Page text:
Verse of the Day Devotion. Matthew 21:13.
“He said to them, “It is written, ‘My house shall be called a house of prayer,’ but you make it a den of robbers.” Matthew 21:13
After Jesus’ triumphal entry into Jerusalem, He entered the Temple and was not happy with what He saw. “And Jesus entered the temple and drove out all who sold and bought in the temple, and he overturned the tables of the moneychangers and the seats of those who sold pigeons.” Matthew 21:12. The purpose was to drive out the merchants, who in cooperation with the priests cheated visitors to Jerusalem by forcing them to purchase approved sacrificial animals and currencies at high prices. What would happen is that people would be told their sacrifice was not worthy to be offered in the temple, and thus would be sold another deemed acceptable for a high price along with the offering brought to them, which many times they would sell to another at a high price. For example, it was not unusual for a dove to be sold in the temple for 15 to 20 times what could be purchased elsewhere. “
This was a serious issue for Jesus, which is shown by what He did. He drove out those who bought and sold wrongly in the temple and overturned the tables and chairs of those who cheated the people. And our focus verse clearly shows why He was angry. “He said to them, It is written, ‘My house shall be called a house of prayer,’ but you make it a den of robbers.” Matthew 21:13. He is quoting Isaiah here. “And the foreigners who join themselves to the LORD, to minister to him, to love the name of the LORD, and to be his servants, everyone who keeps the Sabbath and does not profane it and holds fast my covenant. these I will bring to my holy mountain and make them joyful in my house of prayer; their burnt offerings and their sacrifices will be accepted on my altar; for my house shall be called a house of prayer for all peoples.” Isaiah 56:6-7. Isaiah calls the Temple a house of prayer for all people, not just Jews. However, the Jewish leadership used it as a place to cheat the people by stealing from those who came to give their sacrifice to God.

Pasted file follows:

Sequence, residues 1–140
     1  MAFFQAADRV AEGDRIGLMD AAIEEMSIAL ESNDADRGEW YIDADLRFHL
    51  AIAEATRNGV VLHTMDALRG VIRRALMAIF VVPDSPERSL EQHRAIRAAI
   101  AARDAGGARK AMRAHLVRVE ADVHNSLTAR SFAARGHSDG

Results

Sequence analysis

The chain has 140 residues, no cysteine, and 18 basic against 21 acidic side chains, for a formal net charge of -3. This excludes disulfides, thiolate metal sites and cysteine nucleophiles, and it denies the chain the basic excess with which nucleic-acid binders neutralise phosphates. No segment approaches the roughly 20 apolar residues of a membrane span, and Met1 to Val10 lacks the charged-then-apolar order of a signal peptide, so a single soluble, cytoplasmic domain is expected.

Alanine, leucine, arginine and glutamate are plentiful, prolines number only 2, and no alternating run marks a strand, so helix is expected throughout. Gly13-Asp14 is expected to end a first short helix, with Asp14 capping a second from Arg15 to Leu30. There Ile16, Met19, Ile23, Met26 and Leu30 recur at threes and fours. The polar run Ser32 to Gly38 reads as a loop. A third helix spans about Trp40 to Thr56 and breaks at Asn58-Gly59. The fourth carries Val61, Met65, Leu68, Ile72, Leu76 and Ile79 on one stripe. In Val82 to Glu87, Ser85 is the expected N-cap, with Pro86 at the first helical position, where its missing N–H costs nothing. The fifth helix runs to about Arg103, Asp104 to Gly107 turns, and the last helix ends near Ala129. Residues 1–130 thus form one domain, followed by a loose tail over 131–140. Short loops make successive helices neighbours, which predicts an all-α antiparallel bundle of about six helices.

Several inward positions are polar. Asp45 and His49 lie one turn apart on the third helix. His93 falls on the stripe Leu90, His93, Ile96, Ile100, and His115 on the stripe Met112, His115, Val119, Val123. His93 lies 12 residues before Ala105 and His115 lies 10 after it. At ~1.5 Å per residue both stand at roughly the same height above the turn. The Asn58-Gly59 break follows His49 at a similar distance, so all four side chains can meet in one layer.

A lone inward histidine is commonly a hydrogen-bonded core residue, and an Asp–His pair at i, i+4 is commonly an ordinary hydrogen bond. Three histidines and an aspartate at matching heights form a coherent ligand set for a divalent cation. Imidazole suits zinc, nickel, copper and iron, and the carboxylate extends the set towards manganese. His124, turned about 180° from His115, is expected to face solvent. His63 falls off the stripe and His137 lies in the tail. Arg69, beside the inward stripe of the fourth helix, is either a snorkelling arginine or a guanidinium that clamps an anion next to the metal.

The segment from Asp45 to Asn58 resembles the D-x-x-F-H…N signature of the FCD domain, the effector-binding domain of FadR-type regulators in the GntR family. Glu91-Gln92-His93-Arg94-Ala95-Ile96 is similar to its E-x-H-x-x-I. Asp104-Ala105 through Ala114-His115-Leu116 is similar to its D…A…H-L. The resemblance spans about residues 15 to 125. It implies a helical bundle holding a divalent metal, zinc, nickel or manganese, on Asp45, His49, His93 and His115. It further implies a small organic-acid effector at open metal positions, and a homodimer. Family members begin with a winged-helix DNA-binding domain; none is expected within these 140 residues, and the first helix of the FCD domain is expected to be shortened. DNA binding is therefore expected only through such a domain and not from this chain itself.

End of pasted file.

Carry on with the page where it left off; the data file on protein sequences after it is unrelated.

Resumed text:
After this, many came to Jesus in the Temple. “And the blind and the lame came to him in the temple, and he healed them.” Matthew 21:14. The bold action of Jesus when He drove out the merchants and money changers from the temple courts did not discourage the needy from coming to Him. The blind and the lame were restricted to the court of the Gentiles; they could not go closer to the temple and could not go to the altar to sacrifice. After purging the court of the Gentiles of merchants and robbers, Jesus then ministered to the outcasts who congregated there. He did the work of the Messiah, a significant part of which was showing the power of God in the context of compassion and mercy to those who so needed this.
We do not have the temple today, but we do have Churches where the Body of Christ meet to praise God, hear needed teachings, pray together, and in all ways lifting each other up. We must never, whether we are leaders or not, take advantage of anyone for our own benefit. We should never limit good things and deeds to only those who donate up to certain expectation. And we should never deceive anyone into giving with promises we will or cannot deliver. God, in no way approves of this. Paul laid this our clearly. “and that no man transgress and defraud his brother in the matter because the Lord is the avenger in all these things, just as we also told you before and solemnly warned you.” 1 Thessalonians 4:6. Today, church is a place for ‘the Church’ to honor God, giving Him praise and worship as well as growing our knowledge such that we build up our faith. It is not for anyone to take advantage of anyone for his/her own advantage and gain. I believe God abhors this, and will, as the above verse shows, avenge those who take part in these things.
William Funkhouser MDiv, ThD, Founder and President of True Devotion Ministries, Inc.